Be Assertive but Diplomatic

It's a stressful time, but keeping your cool when talking to medical staff is crucial. "The last thing you want is to sever that connection," says Donovan. She suggests developing a good relationship with the patient' primary physician first. "Build up that person-to-person relationship," she says.

You can also briefly tell the doctor or nurse a bit about the person — his or her favorite sport, family life details, work information — so the patient is more than a number.

Be prepared to talk to different members of the health care team, adds Donovan, as doctors take needed days off and specialists change when a person's condition changes.

Reach Out to the Nurses  

While the doctors have a wealth of information about treatment and the patient's medical outlook, Donovan says, "a nurse might have a better idea of how [patients] are doing emotionally."

So true, agrees Cannon, who sings the praises of the nurses — especially the night shift staff who helped her husband.

"His first night nurse, Honey, was amazing," she says. One evening, she told Cannon, "I feel like he just needs to hear your voice. I will set up a Zoom call and you can tell him about your day."

"Ask if there is a good time to call or visit."

The nurse turned Sweat's bed to the window first so he could see the spectacular sunset. She did all this, Cannon says, despite the fact that Sweat was, at the time, sedated and intubated. The nurse just thought it might make a difference and it did, says Cannon. Sweat recovered and is now home.

Mary Howard, a chiropractor in Los Angeles, depended on nurses to keep her updated on the progress of her husband while he was hospitalized. "They know if the patient is in pain," she says. "Ask the nurse when the patient is most alert, so you can FaceTime then," adds Howard.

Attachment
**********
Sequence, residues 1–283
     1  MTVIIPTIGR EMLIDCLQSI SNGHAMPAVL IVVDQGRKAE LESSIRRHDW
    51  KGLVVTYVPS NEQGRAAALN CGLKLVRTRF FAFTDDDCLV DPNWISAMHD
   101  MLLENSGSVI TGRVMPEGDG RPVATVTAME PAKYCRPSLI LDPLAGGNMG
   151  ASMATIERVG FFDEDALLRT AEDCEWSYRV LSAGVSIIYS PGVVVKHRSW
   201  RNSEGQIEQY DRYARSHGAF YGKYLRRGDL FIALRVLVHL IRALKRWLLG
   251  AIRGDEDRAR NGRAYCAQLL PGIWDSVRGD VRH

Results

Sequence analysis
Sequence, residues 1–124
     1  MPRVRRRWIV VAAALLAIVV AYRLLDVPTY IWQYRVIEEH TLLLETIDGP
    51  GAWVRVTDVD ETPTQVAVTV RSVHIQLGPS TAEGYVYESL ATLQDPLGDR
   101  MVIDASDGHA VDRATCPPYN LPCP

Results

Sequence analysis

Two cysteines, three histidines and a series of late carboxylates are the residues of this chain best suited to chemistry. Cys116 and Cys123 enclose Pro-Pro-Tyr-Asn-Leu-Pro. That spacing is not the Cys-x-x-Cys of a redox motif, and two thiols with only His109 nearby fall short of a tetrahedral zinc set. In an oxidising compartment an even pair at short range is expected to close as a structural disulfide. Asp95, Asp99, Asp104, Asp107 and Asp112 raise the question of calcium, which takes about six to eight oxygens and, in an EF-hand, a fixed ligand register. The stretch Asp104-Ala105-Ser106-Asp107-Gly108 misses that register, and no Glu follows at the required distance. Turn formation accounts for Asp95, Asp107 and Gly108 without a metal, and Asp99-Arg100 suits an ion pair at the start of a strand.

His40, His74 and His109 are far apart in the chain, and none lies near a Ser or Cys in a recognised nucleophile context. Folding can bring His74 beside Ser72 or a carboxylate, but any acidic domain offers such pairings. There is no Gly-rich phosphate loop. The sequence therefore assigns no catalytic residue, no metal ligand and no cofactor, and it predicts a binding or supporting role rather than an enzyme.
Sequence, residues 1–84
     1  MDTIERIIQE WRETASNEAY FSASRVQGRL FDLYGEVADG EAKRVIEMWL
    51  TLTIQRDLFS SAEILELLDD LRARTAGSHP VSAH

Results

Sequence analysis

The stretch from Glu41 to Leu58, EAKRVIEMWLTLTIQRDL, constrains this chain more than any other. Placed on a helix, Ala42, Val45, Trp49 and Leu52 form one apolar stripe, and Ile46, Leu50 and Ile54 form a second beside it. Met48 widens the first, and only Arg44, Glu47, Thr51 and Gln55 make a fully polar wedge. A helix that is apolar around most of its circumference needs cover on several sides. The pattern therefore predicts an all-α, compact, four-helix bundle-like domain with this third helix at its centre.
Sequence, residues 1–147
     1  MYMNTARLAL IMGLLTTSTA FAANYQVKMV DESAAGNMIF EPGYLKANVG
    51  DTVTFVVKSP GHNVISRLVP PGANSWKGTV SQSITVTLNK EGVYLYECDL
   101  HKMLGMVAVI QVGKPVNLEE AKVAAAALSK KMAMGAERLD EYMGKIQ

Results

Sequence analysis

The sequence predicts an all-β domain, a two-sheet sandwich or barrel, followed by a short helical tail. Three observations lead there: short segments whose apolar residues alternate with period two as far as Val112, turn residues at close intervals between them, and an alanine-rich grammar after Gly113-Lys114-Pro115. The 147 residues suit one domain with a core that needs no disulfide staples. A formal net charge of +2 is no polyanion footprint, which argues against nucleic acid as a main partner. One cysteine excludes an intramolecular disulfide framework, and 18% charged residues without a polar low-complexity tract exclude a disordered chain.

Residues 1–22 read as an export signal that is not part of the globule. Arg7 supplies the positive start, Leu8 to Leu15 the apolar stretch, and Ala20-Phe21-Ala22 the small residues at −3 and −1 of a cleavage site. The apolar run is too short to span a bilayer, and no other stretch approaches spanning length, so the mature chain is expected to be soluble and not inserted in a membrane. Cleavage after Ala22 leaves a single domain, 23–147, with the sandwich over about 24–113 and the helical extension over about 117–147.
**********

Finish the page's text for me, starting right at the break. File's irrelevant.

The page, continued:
Nurses can also answer many medication questions, she finds. And they can brief you by looking at the medical notes.

Research the Best Call Times

"The first time you call or visit [a doctor], ask if there is a good time to call or visit [the hospital]," says Dr. John Raimo, associate professor of medicine at the Donald and Barbara Zucker School of Medicine at Hofstra/Northwell in Hempstead, N.Y. and chair of medicine at Long Island Jewish Forest Hills in Queens, N.Y.

If you're trying to reach a nurse, find out what time the shift changes and give everyone time to settle in first, Cannon suggests.


Manage Expectations

How often you should expect an update on your loved one will depend on the patient's condition, Raimo says, and possibly on the patient's wishes. He views a daily update as generally reasonable.

While family may grow impatient waiting for an update call that comes late in the day, Raimo says there is good reason for that timetable. "The mornings in particular are very busy at hospitals," he says, "and a doctor wants to see patients first [before updating loved ones]. We try to call back in the afternoon, as it is a more meaningful dialogue."

Get Extra Help When Needed

When you aren't getting the information you need from the staff, ask if the hospital has a patient advocate or a social worker to talk to, recommends Donovan. "I wouldn't make that the first call, right off the bat," she says. "But if you feel frustrated, calling them and asking for help is an easy move to make."

If the medical jargon is overwhelming, say so and ask for more explanation, Raimo says. And if a family member is not a native English speaker, ''don't be afraid to ask for an interpreter," he adds.

Kathleen Doheny is a Los Angeles-based freelance journalist who writes about health and lifestyle topics. Read More